For Locke, the most basic forms of property we own are our bodies and our labour. Our bodies do not belong to anyone but ourselves, and we can use and sell our labour to create value for ourselves. Importantly, we can use our bodies and our labour to create private property out of the earth, which, Locke argues, has been given to all humans in common. For Locke, land itself is of no specific use until we have improved it with our labour (usually agricultural), like when a farmer grows an apple orchard. For Locke, when a person works on a piece of land, that land becomes their private property. Because people need private property to thrive, he believed, property constituted an “inalienable right.”
To make his case, Locke compared European agricultural and industrial practices to his understanding of the practices of Indigenous peoples in the Americas. He argued that engaging in agricultural labour produces economic resources that make land more valuable. Because Indigenous peoples were not practicing stewardship of their lands in ways Europeans viewed as productive, Locke argued that they were wasting these lands. This view of land and private property thus justified the taking of Indigenous lands by European settlers. For Jefferson and the U.S. Founding Fathers, Locke’s understanding of property as a natural right was politically helpful, because they wanted to expand their landholdings by taking land from Indigenous peoples, a practice that King George III had limited. These limits were one of the grievances Jefferson listed in the Declaration of Independence.
The genealogy of “inalienable rights” includes both large-scale events and concepts like the Declaration of Independence, the philosophy of “natural rights,” and the dispossession of Indigenous lands, as well as smaller details like John Locke’s involvement in the Carolina colonies and important changes in the phrasing of documents. Genealogy helps us to better understand how the histories of things we view as obvious have been woven together to create the political conditions we live with today.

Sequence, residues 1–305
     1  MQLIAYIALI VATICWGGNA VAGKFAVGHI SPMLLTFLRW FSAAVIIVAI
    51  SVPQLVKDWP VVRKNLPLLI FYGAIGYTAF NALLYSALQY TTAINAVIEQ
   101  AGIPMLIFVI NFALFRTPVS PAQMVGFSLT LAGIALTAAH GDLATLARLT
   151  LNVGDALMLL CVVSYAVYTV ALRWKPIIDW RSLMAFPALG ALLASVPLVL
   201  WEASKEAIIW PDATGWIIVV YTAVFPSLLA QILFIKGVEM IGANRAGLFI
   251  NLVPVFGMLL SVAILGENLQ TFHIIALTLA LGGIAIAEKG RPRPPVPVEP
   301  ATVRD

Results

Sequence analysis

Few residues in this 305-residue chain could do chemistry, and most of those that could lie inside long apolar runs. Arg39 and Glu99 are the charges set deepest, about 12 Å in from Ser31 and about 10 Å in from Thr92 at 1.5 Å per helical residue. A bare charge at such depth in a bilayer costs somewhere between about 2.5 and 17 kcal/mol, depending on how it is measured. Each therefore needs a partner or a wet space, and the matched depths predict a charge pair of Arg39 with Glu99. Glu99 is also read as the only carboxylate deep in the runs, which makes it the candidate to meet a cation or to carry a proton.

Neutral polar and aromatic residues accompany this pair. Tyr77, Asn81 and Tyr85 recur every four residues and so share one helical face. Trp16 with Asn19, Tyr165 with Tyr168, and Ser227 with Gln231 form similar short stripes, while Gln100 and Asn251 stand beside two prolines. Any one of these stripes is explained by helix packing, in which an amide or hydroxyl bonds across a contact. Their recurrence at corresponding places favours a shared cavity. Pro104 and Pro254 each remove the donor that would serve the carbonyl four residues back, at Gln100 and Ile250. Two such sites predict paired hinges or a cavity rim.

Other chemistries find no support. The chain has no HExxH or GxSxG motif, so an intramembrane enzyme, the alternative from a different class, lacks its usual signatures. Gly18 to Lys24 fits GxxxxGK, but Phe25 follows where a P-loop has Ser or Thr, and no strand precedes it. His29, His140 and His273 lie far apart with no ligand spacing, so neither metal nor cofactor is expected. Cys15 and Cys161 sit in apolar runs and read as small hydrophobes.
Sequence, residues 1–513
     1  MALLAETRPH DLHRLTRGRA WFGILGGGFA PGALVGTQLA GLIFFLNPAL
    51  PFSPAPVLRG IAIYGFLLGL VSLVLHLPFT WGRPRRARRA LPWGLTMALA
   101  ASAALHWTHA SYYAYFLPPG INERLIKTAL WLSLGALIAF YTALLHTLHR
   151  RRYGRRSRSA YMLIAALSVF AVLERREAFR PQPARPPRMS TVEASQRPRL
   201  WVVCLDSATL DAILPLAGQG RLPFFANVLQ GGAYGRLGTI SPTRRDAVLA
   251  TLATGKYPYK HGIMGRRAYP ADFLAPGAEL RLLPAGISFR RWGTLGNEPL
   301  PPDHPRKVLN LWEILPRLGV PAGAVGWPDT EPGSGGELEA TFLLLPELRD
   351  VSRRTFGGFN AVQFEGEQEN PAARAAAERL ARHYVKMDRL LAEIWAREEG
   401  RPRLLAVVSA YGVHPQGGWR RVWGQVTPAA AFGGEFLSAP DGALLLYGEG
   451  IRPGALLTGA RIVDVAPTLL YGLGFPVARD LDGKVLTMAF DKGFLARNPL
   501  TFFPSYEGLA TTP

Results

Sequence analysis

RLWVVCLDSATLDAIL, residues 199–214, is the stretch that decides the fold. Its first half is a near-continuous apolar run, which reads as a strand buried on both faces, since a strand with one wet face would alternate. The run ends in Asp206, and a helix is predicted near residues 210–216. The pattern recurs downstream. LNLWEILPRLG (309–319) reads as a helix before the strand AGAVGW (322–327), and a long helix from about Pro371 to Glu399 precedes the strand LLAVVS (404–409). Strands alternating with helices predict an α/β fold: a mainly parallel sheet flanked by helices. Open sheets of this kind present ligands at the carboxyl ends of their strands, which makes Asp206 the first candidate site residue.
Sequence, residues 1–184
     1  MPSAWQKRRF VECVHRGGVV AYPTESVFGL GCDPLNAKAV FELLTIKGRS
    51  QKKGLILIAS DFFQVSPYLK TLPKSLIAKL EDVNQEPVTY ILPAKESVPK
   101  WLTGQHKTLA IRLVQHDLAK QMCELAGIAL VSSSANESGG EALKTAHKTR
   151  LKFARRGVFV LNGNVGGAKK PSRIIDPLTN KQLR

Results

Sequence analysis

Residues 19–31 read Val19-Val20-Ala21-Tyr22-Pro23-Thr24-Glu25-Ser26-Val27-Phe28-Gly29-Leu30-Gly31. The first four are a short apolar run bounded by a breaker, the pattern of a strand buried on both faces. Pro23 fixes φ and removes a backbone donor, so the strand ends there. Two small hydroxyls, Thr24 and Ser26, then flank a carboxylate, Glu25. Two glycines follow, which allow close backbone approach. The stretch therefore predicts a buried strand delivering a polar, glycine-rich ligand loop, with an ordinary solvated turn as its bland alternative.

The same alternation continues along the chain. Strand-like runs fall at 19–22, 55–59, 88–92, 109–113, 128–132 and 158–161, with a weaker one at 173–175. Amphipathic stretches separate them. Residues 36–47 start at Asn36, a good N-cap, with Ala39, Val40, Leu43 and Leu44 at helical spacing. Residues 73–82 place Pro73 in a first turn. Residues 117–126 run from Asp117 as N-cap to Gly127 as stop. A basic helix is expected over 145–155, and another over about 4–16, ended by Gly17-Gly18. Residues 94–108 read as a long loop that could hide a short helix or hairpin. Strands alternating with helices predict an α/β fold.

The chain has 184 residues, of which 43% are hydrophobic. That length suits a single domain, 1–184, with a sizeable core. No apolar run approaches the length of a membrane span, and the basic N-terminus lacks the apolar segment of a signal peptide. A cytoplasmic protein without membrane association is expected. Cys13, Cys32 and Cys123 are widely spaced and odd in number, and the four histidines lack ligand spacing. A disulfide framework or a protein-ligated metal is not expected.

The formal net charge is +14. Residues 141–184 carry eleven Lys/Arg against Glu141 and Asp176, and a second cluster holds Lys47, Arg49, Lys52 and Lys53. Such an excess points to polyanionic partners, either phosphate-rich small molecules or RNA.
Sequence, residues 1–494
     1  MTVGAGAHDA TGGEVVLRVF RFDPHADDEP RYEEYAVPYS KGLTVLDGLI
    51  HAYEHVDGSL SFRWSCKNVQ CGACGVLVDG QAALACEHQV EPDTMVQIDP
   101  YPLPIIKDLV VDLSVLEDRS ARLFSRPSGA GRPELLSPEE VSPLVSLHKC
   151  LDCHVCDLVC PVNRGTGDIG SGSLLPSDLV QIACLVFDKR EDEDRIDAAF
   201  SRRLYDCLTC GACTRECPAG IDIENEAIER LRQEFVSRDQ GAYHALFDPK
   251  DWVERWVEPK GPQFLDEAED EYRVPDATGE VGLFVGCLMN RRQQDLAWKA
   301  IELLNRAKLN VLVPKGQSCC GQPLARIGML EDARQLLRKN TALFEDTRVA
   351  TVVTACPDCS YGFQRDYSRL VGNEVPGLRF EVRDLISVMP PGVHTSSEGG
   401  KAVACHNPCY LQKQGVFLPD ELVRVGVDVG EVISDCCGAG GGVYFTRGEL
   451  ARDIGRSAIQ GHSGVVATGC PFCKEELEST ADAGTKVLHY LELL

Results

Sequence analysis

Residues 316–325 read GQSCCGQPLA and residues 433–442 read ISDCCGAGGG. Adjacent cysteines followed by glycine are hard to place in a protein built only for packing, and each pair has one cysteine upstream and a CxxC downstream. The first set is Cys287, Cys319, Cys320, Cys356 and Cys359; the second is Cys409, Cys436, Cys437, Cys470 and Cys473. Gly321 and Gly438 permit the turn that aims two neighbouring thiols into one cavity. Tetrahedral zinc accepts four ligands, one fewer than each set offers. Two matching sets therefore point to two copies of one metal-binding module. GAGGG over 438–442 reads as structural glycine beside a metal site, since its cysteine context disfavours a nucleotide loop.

- The commonplace definition of genealogy refers to the tracing of one’s family tree. How is the philosophical concept of genealogy, as described above, similar to and different from the commonplace definition?
- The concept of genealogy is demonstrated above by describing some of the lesser-known histories associated with the idea of “unalienable rights.” Are there any other political ideas that we take for granted that you think would benefit from a genealogical study?
- Has your view of “inalienable rights” changed after reading this genealogy of the term?
Arneil, B. (1996). Locke and America: The Defence of English Colonialism. Oxford: Oxford University Press.
Declaration of Independence: A Transcription. 2021. National Archives. Retrieved from www.archives.gov/founding-docs/declaration-transcript.
Foucault, M. (1980). Nietzsche, Genealogy, History. In Language, Counter-Memory, Practice. Ithaca, NY: Cornell University Press.
Locke, J. (1980). Second Treatise of Government. Cambridge, MA: Hackett Publishing.
NBC News Learn. John Locke, Natural Rights. https://www.youtube.com/watch?v=T7-Abmn9lZY
Nietzsche, F. (1998). On the Genealogy of Morality. Cambridge, MA: Hackett Publishing.
Tully, J. (1993). Rediscovering America: The Two Treatises and Aboriginal Rights. In An Approach to Political Philosophy: Locke in Contexts. Cambridge, UK: CambridgeUniversity Press.
Zuckert, M.P. (1996). The Natural Rights Republic. Notre Dame, IN: University of Notre Dame Press.